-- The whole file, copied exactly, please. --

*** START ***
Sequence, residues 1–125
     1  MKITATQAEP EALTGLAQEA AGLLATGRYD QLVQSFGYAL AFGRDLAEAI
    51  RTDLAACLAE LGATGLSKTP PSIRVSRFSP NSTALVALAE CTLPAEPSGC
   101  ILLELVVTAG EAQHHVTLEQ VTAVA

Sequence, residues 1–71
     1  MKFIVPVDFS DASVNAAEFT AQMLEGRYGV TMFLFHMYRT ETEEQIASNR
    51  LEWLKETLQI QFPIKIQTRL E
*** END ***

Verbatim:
Sequence, residues 1–125
     1  MKITATQAEP EALTGLAQEA AGLLATGRYD QLVQSFGYAL AFGRDLAEAI
    51  RTDLAACLAE LGATGLSKTP PSIRVSRFSP NSTALVALAE CTLPAEPSGC
   101  ILLELVVTAG EAQHHVTLEQ VTAVA

Sequence, residues 1–71
     1  MKFIVPVDFS DASVNAAEFT AQMLEGRYGV TMFLFHMYRT ETEEQIASNR
    51  LEWLKETLQI QFPIKIQTRL E